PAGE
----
There is a great debate among historians about Franklin Delano Roosevelt's actions during the Holocaust. Was FDR the hero that defeated the Germans, or did he turn a blind eye to the plight of the Jews as long as he possibly could? In Roosevelt and the Holocaust, Robert Beir analyzes specific actions and legislation to get at the truth behind Roosevelt's role in the Holocaust. Beir has a unique perspective. He is a Jew who was raised during the extreme anti-Semitism of the Great Depression. Having witnessed the fruits of the New Deal firsthand, Beir became a Roosevelt scholar. It wasn't until later in life, when confronted by a student about Roosevelt's role in the Holocaust, that Beir began to research this topic intensely. Beir ultimately concludes that Roosevelt acted not out of anti-Semitism, nor out of moral outrage over the plight of the Jews. Rather he acted in the way he felt was best to navigate the United States and the world through this tumultuous time.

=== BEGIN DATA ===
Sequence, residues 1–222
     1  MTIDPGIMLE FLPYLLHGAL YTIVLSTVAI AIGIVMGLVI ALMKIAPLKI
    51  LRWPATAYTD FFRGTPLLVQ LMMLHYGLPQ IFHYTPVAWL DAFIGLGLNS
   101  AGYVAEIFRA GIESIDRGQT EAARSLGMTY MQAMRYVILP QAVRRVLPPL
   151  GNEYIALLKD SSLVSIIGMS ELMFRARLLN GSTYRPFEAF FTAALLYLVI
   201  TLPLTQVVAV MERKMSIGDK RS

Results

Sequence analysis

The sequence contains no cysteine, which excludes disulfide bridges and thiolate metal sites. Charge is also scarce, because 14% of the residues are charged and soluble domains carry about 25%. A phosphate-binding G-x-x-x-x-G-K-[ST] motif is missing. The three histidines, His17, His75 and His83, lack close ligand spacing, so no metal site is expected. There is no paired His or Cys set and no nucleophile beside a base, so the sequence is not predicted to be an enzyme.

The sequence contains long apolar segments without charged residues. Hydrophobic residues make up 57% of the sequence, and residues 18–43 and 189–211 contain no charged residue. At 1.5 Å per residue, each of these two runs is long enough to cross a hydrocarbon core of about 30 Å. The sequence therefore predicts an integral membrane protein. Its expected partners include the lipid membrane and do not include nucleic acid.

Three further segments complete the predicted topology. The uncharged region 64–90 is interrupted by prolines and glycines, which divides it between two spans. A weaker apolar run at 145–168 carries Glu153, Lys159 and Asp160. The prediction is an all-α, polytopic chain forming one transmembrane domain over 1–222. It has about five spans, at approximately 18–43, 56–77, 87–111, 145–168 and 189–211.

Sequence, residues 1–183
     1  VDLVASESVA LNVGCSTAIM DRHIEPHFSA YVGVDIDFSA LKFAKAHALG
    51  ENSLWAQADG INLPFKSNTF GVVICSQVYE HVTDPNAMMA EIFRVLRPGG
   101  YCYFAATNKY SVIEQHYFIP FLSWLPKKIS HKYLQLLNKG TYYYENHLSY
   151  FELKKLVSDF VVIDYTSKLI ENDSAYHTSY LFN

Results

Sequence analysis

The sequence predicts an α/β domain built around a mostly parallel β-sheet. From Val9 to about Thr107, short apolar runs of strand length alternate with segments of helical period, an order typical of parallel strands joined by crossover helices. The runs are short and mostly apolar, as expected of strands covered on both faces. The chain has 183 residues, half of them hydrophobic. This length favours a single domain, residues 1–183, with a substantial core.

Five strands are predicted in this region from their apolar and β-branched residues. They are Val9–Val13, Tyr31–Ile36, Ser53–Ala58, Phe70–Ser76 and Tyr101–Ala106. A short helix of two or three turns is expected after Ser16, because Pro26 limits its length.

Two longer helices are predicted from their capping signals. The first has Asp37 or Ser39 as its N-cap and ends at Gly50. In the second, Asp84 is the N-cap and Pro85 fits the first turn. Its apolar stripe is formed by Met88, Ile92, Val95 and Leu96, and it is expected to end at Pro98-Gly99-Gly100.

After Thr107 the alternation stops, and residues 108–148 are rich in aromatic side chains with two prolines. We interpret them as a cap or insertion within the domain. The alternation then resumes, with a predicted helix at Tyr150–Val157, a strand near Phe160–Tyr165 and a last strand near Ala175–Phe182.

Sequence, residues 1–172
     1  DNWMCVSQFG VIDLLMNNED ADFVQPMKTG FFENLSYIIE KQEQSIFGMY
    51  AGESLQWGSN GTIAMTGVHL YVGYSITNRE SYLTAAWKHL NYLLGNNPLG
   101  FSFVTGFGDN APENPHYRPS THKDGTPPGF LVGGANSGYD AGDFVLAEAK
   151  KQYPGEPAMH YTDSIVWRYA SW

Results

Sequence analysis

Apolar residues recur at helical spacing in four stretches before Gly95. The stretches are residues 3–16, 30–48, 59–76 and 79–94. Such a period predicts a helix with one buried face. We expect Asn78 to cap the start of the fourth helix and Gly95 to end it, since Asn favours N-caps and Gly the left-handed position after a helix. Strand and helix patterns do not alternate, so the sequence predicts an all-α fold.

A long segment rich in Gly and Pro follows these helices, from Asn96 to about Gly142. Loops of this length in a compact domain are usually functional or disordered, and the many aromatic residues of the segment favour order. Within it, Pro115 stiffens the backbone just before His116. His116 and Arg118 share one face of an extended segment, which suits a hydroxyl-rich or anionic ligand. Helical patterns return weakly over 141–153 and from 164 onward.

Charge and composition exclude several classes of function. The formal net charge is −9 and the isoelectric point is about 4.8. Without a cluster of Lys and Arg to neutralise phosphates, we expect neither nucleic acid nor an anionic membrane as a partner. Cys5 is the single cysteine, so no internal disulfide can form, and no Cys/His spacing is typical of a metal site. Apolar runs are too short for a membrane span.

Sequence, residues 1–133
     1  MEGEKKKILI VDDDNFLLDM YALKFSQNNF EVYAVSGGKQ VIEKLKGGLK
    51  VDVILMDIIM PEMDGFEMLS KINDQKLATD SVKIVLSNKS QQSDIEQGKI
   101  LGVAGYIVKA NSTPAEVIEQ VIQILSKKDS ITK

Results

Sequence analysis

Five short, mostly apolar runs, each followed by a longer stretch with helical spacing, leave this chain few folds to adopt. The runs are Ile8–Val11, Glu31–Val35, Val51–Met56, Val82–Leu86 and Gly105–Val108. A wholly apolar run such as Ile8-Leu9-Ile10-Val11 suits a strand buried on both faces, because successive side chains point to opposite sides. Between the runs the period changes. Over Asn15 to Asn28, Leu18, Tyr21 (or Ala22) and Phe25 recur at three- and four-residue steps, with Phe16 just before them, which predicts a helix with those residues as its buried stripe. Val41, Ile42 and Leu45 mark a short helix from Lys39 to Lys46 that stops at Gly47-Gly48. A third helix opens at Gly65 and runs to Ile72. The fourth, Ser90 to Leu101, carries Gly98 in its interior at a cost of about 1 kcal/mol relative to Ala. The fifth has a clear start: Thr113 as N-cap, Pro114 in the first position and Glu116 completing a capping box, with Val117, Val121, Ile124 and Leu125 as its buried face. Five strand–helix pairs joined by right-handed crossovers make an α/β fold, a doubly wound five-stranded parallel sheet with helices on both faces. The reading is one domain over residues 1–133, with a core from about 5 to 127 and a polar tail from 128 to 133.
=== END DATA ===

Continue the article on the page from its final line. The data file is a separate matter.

Steven Cooper's eloquent, authoritative reading of Robert Beir's book suits the gravity of the subject matter at hand: the role the FDR administration played in the Holocaust and whether or not it could have done more to prevent the slaughter of millions.
Books about such sensitive and weighty topics can easily come off as heavy-handed or ponderous, but Cooper's lively and skillful delivery makes this an engrossing listen from beginning to end.
Though not everyone may agree with his conclusions, Beir's thoroughly researched, thought-provoking work should be required listening for anyone with even a fleeting interest in WWII history.
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